Toy Story 4: On the Island of Misfit Sequels, by Tyler Smith
When it was announced several years ago that there would be a third Toy Story film, I was wary. The first two were so effective–stylistically, emotionally, and thematically–that for Pixar to return to the franchise after more than a decade seemed almost desperate. Surely, these characters had gone as far as they could go, right? With so many great films already released – including Finding Nemo, The Incredibles, Wall-e, Ratatouille, Up – surely Pixar wasn’t lacking in imagination and didn’t need to dredge up its flagship for a third time. Of course, we all know how that turned out. Toy Story 3 was not only a vital part of the trilogy but also a masterpiece of animation; an example of just how sophisticated a “family film” can be.
And so, when Pixar announced the production of a fourth film, my instinct was to, once again, question its reason for being. With the series so perfectly and thoughtfully wrapped up, where else could they go at this point? But then I reminded myself of just how wrong I was about Toy Story 3 and I went in with an open mind and open heart.
Unfortunately, it turns out that my initial concern was correct. While there are many enjoyable aspects of Toy Story 4, the film doesn’t add much to the larger story of Woody, Buzz, and the rest of the characters we’ve come to know and love. The film is, instead, a delightful diversion that never quite justifies its own existence.
The story picks up in Bonnie’s room, where our characters have been living peacefully for several years. Unfortunately, the ever-neurotic Woody (Tom Hanks) has noticed just how little he is being played with. The other toys comfort him but he is inconsolable. Nonetheless, he tries to stick by Bonnie despite her growing indifference to him. He accompanies her on her first day of kindergarten and sees her create a new toy named Forky (Tony Hale) out of a plastic spork, some pipe cleaner, and glue. Bonnie’s personal connection with her new makeshift toy makes it all the more dire when Forky eventually needs to be rescued, leading Woody into the dangerous world of lost toys, helped along the way by Bo Peep (Annie Potts), the porcelain figure whose absence from the third film was loaded with meaning and sadness. Of course, along the way, Woody encounters various other toys whose intense desire to “get a kid” mirrors Woody’s desperation to be loved by one.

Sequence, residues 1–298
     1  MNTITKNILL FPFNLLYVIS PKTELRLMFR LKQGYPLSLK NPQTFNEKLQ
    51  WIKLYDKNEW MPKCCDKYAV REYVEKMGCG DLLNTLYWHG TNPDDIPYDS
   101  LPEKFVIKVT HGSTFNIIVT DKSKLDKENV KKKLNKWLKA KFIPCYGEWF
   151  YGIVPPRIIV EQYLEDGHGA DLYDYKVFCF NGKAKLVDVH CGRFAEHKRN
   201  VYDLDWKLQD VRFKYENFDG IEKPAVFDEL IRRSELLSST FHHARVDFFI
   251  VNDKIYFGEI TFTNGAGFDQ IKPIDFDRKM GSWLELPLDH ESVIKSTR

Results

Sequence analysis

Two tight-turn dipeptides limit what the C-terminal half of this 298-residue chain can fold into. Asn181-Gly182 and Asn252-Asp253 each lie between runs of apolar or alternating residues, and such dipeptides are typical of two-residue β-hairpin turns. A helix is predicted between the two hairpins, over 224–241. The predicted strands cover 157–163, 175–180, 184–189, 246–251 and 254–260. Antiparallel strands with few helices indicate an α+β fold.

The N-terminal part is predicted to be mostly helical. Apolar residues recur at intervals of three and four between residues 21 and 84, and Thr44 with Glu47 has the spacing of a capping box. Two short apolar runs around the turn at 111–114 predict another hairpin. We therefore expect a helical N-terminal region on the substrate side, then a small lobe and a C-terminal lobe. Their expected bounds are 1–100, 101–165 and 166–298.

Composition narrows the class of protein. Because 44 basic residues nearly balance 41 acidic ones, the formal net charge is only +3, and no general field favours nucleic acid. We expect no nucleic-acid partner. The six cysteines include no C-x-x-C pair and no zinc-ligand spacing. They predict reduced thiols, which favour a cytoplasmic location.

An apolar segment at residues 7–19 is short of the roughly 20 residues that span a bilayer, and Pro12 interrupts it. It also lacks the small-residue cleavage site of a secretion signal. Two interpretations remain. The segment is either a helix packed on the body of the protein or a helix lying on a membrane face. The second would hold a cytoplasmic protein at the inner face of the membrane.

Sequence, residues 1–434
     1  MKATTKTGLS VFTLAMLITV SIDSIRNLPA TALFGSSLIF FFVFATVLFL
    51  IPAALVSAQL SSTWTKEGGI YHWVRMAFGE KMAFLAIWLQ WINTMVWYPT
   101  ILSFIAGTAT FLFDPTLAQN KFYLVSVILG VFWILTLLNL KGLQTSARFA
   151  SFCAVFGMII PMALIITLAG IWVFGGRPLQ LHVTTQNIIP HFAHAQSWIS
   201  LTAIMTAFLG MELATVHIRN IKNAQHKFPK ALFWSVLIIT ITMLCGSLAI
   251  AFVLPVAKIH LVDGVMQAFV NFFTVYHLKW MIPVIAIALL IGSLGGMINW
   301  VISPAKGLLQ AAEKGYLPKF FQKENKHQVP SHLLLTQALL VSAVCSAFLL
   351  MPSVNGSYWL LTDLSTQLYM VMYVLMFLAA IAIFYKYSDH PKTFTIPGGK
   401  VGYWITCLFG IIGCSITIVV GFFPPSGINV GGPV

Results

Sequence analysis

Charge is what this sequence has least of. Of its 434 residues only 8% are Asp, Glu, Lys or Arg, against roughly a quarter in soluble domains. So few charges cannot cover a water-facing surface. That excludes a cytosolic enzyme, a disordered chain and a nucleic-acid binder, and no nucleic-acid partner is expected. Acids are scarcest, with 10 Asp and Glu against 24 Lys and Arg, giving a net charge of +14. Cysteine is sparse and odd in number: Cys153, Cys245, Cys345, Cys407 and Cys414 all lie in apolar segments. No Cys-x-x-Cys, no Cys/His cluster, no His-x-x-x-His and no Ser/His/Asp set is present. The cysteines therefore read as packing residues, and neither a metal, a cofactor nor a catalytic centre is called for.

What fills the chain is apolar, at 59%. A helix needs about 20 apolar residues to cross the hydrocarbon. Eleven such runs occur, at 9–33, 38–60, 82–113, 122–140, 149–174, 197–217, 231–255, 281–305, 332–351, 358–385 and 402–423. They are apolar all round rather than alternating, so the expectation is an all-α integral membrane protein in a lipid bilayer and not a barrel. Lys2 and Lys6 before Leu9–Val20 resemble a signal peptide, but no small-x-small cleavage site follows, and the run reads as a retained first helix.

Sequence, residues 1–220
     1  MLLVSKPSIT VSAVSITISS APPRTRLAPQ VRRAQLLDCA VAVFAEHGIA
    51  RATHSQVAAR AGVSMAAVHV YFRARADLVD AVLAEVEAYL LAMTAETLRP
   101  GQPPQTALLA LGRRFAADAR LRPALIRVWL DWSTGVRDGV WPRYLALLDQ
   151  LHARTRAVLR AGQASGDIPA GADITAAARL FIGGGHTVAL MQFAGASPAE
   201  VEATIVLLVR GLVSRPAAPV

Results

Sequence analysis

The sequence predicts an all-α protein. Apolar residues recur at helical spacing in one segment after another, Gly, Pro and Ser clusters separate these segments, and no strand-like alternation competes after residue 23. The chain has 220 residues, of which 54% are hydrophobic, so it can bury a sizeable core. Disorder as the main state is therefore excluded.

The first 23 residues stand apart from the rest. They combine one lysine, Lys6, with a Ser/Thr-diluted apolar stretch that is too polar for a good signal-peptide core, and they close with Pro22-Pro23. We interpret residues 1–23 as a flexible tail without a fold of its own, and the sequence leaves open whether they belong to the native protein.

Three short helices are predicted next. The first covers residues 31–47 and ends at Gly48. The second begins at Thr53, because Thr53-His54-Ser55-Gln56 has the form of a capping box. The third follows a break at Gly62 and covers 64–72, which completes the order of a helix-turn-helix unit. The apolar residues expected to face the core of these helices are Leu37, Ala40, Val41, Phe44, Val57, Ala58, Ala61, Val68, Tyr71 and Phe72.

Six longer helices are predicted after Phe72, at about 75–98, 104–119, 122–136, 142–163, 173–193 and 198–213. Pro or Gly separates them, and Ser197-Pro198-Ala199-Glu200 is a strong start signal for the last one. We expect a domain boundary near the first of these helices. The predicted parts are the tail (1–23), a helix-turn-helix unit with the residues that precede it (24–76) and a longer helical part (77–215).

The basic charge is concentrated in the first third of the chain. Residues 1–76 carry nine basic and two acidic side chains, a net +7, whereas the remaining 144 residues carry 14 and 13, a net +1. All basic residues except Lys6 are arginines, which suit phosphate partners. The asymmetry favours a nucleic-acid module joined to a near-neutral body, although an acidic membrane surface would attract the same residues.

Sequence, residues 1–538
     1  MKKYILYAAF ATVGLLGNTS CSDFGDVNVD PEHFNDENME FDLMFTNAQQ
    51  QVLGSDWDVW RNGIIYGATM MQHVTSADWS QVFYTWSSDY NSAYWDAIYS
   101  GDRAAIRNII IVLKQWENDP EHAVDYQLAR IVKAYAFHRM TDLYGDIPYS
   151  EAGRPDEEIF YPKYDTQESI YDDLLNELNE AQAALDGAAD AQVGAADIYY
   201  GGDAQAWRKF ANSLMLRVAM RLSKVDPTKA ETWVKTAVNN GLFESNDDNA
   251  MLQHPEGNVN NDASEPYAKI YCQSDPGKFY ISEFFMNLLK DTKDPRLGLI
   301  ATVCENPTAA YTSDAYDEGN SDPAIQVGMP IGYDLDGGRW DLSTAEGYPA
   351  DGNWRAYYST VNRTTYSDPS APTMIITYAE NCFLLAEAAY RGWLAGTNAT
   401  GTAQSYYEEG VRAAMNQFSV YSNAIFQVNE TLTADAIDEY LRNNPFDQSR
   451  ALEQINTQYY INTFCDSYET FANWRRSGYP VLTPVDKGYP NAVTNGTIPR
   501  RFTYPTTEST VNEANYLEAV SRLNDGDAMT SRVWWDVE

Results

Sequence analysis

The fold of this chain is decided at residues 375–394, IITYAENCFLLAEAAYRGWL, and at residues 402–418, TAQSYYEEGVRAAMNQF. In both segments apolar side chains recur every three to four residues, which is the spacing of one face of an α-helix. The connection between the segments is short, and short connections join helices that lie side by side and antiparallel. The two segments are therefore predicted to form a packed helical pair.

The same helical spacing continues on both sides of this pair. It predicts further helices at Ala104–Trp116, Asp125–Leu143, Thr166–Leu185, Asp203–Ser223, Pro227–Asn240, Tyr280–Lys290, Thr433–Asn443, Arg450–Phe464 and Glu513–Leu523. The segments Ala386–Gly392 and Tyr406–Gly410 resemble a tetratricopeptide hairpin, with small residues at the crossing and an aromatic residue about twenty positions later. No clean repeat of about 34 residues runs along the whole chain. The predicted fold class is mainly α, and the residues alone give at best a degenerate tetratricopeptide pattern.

Of course, this all fits in very well with the larger Toy Story universe, where toys are defined largely by their relationship to living children. The instinct to explore those toys that have no such relationship is a good one, but the story never quite adds up to anything more than an interesting sidenote; a fun-but-forgettable asterisk within the franchise. The story itself is little more than a series of enjoyable action sequences with little to anchor them beyond Woody’s own persistence, which actually becomes a bit tiresome as the film goes on. By limiting the action primarily to Woody and several new characters, and sidelining the gang that we’re more familiar with, the film feels like an ungrounded one-off; like one of those ancillary Toy Story short films that precedes other Pixar releases, but padded out to feature length.
Is the film recommendable? Absolutely. It features dazzling animation and entertaining setpieces. And it is by far the flat-out funniest of the series. But despite some good work by Hanks, it lacks the heart of the first three films. It certainly attempts to deepen the world but in ways that feel more perfunctory than organic. In the end, it is a perfectly enjoyable way to spend an afternoon but, as a film that would attempt to live up to the emotional complexity of its predecessors, it falls regrettably short. After the brilliance of the third film, any subsequent entry in the franchise was always going to run the risk of being ignored. The problem with Toy Story 4 is that it so easily can be.